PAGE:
1.Boiler: This is the part of the machine that heats up the water for brewing and steaming. There are three types of boilers: single boiler, heat exchanger and dual boiler.

  - Single boiler: This type of boiler can only do one thing at a time: either brew or steam. You have to wait for it to heat up or cool down between tasks. This can be time-consuming and inconvenient if you want to make multiple drinks or milk-based drinks.

  - Heat exchanger: This type of boiler has a tube inside that carries cold water from the reservoir to the brew head. The tube passes through the hot water in the boiler, which heats it up quickly for brewing. This allows you to brew and steam at the same time, without waiting for temperature changes. However, you have to flush some water out of the brew head before brewing to avoid overheating your coffee.

  - Dual boiler: This type of boiler has two separate boilers: one for brewing and one for steaming. This gives you precise and independent control over the temperature and pressure of each task. You can brew and steam simultaneously, without compromising on quality or consistency. However, this type of boiler is also more expensive and complex than the other types.

2.Portafilter: This is the metal filter holder with a handle that holds the coffee grounds. It attaches to the brew head of the machine, where hot water is forced through it at high pressure. There are two types of portafilters: pressurized and non-pressurized.

  - Pressurized portafilter: This type of portafilter has a valve or a basket with tiny holes that create artificial pressure inside. This helps to extract more flavor and crema from the coffee, even if the grind size or tamp is not optimal. This type of portafilter is more forgiving and easier to use, especially for beginners or pre-ground coffee users.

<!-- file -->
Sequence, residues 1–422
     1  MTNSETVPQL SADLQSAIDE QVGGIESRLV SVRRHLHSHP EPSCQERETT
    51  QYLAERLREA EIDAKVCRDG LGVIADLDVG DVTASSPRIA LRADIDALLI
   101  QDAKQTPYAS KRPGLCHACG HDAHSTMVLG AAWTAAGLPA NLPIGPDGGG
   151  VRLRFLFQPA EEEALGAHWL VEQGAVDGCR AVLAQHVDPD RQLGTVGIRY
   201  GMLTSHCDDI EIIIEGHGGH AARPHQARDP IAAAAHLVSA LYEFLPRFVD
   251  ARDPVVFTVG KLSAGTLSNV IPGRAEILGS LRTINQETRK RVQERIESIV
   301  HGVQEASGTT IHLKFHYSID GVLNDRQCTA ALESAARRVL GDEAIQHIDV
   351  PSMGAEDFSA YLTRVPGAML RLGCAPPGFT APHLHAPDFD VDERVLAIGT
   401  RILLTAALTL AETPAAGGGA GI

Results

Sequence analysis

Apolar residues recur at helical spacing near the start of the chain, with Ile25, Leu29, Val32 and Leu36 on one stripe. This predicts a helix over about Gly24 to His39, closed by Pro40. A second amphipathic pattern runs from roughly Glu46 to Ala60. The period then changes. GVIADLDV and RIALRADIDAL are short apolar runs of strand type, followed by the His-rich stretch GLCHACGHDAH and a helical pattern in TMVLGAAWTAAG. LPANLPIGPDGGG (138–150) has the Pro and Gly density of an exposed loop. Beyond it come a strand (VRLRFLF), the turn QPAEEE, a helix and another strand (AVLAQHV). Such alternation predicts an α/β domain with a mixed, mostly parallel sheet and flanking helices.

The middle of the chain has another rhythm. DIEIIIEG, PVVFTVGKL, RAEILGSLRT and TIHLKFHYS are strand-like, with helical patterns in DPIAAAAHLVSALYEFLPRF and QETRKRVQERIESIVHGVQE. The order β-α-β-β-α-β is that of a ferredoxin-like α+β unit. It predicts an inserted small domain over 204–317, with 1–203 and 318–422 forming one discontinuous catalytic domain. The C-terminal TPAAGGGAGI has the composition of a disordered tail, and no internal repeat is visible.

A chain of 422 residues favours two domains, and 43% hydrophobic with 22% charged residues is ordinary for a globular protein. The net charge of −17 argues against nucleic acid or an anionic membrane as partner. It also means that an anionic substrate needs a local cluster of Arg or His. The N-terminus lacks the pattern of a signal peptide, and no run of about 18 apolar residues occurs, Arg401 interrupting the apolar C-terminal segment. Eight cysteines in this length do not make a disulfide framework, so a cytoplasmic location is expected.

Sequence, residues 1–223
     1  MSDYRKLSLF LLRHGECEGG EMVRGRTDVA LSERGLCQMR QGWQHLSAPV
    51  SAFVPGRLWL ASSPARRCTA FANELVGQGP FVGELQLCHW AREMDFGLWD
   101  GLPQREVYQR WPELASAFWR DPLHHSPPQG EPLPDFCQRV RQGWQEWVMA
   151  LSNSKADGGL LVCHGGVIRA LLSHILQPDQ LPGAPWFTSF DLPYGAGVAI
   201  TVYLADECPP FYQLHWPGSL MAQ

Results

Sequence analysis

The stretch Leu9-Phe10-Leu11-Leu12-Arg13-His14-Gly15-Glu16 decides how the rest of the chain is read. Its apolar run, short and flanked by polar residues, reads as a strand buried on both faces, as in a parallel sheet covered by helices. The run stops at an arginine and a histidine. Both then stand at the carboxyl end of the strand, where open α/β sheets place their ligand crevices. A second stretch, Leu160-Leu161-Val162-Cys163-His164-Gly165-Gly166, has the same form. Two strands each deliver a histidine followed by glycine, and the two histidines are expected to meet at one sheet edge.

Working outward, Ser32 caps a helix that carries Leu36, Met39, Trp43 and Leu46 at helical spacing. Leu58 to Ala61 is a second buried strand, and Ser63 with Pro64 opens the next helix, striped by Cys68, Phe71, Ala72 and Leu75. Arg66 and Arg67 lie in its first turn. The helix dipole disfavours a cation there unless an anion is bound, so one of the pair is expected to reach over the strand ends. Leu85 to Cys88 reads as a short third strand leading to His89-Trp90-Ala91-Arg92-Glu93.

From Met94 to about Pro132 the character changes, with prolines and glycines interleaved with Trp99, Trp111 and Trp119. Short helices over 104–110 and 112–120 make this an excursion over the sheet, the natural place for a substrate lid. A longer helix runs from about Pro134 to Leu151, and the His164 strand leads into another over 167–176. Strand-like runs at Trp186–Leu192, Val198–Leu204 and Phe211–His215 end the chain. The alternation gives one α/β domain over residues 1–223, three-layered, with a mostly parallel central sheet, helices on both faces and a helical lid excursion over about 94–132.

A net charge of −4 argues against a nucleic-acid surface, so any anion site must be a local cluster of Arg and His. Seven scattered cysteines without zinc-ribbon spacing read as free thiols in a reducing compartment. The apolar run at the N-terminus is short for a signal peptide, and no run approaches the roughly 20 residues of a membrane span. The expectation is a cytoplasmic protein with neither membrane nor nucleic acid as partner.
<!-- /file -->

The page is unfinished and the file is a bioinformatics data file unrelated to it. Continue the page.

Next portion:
- Non-pressurized portafilter: This type of portafilter has no valve or basket with tiny holes. It relies on the natural pressure created by the finely-ground coffee and the tamp. This allows you to have more control over the extraction process, but also requires more skill and precision. You need to use fresh and evenly-ground coffee, as well as a consistent tamp, to get a good shot of espresso.

3.Group head: This is the part of the machine that connects the portafilter to the boiler. It delivers hot water to the portafilter at high pressure. There are two types of group heads: E61 and thermoblock.

  - E61 group head: This is a classic and iconic design that was invented in 1961 by Faema. It has a brass body that maintains a stable temperature throughout the brewing process. It also has a pre-infusion feature that wets the coffee grounds before extraction, which enhances flavor and aroma.

  - Thermoblock group head: This is a modern and compact design that uses an electric coil to heat up water on demand. It heats up faster than an E61 group head, but it may not be as consistent or durable.

4.Pump: This is the part of the machine that creates the pressure needed for extraction. There are two types of pumps: vibratory and rotary.

  - Vibratory pump: This type of pump uses an electromagnet to vibrate a piston back and forth, which pushes water through the machine. It is cheaper and quieter than a rotary pump, but it may not be as powerful or reliable.

  - Rotary pump: This type of pump uses a motor to spin a rotor, which draws water into the machine. It is more expensive and louder than a vibratory pump, but it also more consistent and durable.

5.Steam wand: This is the part of the machine that allows you to froth milk for cappuccinos, lattes and other milk-based drinks. It consists of a metal tube that releases pressurized steam from the boiler. There are two types of steam wands: manual and automatic.